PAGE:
· We succumb to peer pressure and choose activities because others think they are right for us.
· We ignore our physical and mental health to get more done
The principles in Lewis’s letter are instructive in how to live a better life. These are simple but not easy to implement. We are so caught up in the day-to-day emergencies that we forget the long-term lessons that enable success. The more you implement the ideas in this letter, the better your life.
Below are my thoughts on the most critical lessons from his letter:
1. For most of our lives, success has required jumping through other people’s hoops. In academics, we had to score a certain level on the SAT, achieve a certain GPA, and complete a specific curriculum plan, with very little freedom to deviate from that plan. In the working world, we have to follow irrelevant rules, obey a culture that suppresses our real desires, or follow orders we don’t agree with. We do these things to achieve what society has decided is successful – graduating from school or staying employed.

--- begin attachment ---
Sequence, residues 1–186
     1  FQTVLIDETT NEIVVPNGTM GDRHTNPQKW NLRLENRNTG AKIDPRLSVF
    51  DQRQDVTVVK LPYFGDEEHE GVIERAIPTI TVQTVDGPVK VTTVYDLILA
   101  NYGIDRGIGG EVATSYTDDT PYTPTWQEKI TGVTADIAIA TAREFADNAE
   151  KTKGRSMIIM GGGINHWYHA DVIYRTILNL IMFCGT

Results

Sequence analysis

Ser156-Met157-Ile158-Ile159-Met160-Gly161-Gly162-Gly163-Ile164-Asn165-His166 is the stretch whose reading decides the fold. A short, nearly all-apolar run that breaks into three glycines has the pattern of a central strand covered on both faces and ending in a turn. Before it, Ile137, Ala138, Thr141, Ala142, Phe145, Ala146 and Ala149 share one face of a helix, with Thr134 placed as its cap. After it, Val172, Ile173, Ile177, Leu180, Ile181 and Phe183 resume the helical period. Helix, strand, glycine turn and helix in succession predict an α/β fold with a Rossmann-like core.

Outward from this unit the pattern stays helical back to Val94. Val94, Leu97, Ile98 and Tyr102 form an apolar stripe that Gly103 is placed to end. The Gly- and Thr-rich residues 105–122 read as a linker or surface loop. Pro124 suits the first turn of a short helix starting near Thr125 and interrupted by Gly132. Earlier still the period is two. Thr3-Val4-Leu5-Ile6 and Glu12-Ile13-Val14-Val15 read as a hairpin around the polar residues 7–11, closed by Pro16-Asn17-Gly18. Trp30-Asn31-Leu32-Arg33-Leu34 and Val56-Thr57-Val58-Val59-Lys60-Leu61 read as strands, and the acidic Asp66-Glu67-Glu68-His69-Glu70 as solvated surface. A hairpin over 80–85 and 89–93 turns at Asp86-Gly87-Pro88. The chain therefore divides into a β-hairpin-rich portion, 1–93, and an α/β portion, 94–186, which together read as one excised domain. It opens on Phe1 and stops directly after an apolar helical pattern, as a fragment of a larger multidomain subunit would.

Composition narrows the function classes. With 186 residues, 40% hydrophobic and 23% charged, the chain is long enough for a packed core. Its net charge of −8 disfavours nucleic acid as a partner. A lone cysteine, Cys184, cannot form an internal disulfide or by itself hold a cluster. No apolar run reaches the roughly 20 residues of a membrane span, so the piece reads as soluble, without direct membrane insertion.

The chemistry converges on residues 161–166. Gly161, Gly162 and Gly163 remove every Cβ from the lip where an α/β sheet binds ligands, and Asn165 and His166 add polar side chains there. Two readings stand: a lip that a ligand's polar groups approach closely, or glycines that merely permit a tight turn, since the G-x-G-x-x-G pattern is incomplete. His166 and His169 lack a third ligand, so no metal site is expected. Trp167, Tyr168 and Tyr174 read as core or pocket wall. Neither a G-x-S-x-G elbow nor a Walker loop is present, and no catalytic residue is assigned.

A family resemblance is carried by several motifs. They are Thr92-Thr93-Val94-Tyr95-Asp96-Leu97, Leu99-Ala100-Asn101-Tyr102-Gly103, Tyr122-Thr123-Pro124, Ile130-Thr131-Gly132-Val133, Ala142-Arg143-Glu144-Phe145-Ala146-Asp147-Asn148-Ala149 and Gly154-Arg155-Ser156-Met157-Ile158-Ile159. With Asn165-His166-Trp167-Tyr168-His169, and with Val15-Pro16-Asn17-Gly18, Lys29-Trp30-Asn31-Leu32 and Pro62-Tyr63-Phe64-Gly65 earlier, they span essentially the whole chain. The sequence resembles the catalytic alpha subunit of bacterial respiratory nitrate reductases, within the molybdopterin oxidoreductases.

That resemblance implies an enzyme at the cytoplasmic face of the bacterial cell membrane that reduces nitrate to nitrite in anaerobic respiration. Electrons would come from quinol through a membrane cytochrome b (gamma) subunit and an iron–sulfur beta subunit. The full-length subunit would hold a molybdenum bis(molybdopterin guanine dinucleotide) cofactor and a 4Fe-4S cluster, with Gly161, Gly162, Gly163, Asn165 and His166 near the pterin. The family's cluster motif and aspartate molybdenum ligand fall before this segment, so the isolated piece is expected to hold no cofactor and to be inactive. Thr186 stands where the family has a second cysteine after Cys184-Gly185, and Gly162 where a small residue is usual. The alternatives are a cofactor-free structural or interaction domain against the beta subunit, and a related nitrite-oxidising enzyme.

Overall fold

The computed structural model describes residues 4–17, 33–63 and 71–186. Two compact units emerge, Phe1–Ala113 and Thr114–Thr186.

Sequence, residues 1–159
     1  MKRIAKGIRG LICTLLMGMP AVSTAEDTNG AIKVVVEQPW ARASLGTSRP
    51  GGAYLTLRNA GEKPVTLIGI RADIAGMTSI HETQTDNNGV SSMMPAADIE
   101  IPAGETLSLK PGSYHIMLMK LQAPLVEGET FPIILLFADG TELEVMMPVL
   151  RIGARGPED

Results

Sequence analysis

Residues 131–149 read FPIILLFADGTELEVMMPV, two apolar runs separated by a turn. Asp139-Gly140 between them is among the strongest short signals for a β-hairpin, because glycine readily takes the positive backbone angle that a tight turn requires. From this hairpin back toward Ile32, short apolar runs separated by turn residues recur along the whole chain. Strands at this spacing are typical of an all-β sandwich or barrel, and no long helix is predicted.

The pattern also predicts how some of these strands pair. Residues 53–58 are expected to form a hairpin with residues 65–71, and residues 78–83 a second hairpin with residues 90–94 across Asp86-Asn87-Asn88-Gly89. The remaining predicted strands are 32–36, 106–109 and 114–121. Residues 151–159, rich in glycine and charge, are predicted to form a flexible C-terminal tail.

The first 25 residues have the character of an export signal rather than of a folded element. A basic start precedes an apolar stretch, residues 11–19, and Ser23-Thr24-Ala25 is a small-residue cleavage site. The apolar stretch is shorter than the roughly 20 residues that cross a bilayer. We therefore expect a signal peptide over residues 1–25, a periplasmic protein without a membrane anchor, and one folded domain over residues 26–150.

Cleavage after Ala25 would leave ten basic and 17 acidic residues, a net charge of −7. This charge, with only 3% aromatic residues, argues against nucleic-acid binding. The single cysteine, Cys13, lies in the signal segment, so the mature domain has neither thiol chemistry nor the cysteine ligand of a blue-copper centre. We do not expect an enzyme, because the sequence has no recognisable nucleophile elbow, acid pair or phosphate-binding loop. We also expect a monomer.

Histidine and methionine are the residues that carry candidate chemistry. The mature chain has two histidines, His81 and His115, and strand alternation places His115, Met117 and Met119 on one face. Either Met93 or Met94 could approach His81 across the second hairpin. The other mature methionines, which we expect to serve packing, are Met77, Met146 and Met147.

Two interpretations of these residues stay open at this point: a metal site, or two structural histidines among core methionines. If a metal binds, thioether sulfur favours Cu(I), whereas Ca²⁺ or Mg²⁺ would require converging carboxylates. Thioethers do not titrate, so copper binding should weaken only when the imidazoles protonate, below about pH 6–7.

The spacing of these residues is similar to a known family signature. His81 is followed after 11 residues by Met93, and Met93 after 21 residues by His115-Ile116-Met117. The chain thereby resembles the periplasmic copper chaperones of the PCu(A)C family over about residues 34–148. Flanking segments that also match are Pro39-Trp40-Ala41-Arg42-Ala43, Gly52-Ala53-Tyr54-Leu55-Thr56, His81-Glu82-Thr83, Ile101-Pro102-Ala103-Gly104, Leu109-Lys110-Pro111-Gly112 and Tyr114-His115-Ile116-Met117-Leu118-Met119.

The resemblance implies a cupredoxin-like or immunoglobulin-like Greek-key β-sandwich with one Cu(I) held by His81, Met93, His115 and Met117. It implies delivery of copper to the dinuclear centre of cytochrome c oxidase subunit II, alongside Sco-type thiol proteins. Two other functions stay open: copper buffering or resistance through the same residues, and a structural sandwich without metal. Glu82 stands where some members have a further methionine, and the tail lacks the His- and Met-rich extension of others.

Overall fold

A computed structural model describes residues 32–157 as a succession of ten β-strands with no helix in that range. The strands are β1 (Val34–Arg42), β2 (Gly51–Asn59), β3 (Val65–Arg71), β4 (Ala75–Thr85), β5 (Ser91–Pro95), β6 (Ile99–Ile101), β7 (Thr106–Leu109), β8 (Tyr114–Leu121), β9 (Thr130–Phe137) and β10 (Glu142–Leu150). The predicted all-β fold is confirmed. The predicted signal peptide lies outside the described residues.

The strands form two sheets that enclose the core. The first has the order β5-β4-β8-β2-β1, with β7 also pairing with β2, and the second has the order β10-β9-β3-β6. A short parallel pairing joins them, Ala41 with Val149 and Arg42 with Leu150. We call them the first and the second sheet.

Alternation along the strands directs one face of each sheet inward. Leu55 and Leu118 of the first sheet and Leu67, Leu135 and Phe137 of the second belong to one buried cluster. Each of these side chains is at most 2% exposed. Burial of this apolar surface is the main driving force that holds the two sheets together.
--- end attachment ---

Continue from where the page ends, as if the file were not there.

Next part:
However, sustainable success comes when we pursue activities that are intrinsically motivating, not imposed by others. The more we can focus on our passions, the higher our satisfaction. It’s tough to do though because there’s rarely free time just waiting to be used. You must create the time by deliberately thinking about what you do. That requires making choices that may aggravate others around you. It requires being selfish, because if you don’t put your needs in front of others, you’ll never have control of your schedule.